For example, the following .zuul.yaml` file will define a job called unit-tests to be run in the check pipeline along the linters:

- job:
    name: unit-tests
    parent: base
    description: this is running the unit tests for this project
    run: playbooks/unittests.yaml
        - name: test-node
          label: dib-centos-7

- project:
    name: project-name
        - unit-tests
        - linters
  • setting parent: base allows this job to inherit from the default pre and post playbooks which are run before and after the custom job’s playbook. These playbooks prepare the work environment and automatically publish artifacts and logs on Software Factory’s log server, so while not mandatory, it is advised to add this setting to make use of Software Factory’s integrations.
  • nodeset defines the nodes that will be spawned to build the job. Label refers to nodepool label definitions, see the nodepool documentation for further details. Name is the name of the node as it will appear in the job’s playbook inventory.

The previous example expects the Ansible playbook “playbooks/unittests.yaml” to be present in the project’s repository. Here is an example of what this playbook could contain:

- hosts: test-node
    - name: install tox package
        name: python-tox
        state: present
      become: yes
    - name: run unit tests
      command: tox
        chdir: "{{ zuul.project.src_dir }}/tests"

Further documentation can be found online:

Export logs artifacts to the logserver

After a job ran, Software Factory exports the job’s console log to the internal log server.

When a job generate extra artifacts, such as log files, a post-run playbook can be written to export the artifacts to zuul.executor.log_root. Then Software Factory base job’s post-run will push these artifacts to the internal log server.

An example of a fetch-logs.yaml playbook.

- hosts: all
    - name: Upload logs
        src: '{{ zuul.project.src_dir }}/logs'
        dest: '{{ zuul.executor.log_root }}'
        mode: pull
        copy_links: true
        verify_host: true
          - --include=/logs/**
          - --include=*/
          - --exclude=*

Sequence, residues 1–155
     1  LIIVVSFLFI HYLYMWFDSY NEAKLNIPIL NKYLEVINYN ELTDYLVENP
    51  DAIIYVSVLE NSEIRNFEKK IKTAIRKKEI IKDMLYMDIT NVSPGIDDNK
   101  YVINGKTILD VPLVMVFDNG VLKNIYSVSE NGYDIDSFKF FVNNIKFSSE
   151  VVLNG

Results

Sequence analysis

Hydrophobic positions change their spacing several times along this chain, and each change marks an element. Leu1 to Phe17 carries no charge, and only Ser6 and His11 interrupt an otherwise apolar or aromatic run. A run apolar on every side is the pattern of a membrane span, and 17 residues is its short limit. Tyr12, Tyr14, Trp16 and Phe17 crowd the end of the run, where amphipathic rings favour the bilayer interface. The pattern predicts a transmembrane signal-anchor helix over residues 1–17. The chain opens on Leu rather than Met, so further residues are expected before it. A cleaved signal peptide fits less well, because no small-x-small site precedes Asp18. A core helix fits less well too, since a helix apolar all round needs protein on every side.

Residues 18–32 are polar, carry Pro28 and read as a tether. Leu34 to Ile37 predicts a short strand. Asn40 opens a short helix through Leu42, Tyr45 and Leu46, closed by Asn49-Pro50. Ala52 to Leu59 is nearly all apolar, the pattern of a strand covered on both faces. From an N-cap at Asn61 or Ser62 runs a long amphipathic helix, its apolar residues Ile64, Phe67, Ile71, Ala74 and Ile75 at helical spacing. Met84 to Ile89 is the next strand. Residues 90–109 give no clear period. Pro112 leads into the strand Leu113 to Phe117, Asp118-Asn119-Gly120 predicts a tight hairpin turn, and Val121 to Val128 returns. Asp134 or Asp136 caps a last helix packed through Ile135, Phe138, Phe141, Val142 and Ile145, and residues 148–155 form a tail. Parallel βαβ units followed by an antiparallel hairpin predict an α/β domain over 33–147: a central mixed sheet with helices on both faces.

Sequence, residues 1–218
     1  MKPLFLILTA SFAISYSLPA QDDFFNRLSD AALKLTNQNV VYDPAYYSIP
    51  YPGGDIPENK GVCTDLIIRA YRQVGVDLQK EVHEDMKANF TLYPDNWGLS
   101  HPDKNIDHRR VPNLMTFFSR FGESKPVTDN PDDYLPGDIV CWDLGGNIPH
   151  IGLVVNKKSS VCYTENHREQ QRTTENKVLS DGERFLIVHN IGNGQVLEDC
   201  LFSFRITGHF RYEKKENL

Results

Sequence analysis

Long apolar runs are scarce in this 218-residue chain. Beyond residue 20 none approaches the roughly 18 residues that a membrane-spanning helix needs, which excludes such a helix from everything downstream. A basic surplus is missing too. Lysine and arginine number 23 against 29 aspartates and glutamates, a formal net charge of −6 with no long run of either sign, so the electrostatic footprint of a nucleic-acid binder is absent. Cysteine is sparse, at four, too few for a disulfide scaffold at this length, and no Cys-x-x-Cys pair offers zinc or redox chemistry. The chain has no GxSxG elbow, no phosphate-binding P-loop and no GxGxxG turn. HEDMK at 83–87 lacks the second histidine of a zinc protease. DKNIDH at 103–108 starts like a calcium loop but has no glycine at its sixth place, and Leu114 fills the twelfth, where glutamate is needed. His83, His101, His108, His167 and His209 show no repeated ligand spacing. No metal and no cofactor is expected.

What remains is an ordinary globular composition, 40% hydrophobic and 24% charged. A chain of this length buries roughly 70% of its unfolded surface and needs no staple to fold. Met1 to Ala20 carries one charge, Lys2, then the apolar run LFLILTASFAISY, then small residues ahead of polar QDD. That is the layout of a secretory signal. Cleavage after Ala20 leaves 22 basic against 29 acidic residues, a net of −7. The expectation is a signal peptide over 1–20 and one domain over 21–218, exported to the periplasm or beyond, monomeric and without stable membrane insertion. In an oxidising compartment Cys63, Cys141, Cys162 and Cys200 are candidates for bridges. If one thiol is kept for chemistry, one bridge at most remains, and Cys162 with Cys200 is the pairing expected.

- --prune-empty-dirs

A job can use that playbook as post-run then each files in the zuul.project.src_dir/logs/ will be exported to the log server.

- job:
    name: build
    parent: base
    description: My job
    run: playbooks/run.yaml
    post-run: playbooks/fetch-logs.yaml

Export logs artifacts to logstash

A job can be configured to export specific artifacts to logstash to make them available to the search via OpenSearch. The ELK stack must be activated on the Software Factory instance.

The job variable logstash_processor_config need to be provided as follow:

- job:
    name: build
    parent: base
    description: My job
    run: playbooks/run.yaml
      - playbooks/fetch-logs.yaml
          - name: logs/.*\.log
          - name: job-output\.txt
              - console
              - console.html

With this definition, zuul will export all the generated artifacts located in the logs/ directory to logstash. The logstash_processor_config variable definition overwrites the one from the Software Factory base job, that’s why, the job-output.log (console) must specified too.

Create a secret to be used in jobs

Zuul provides a public key for every project. This key needs to be used to encrypt secret data. To fetch a project’s public key:

curl -O https://<fqdn>/zuul/api/tenant/<tenant>/key/<project>.pub

The zuul-client tool, from the Zuul repository ( more information can be found at zuul-client documentation ), can be used to create the YAML tree to be pushed in the project .zuul.d/ directory.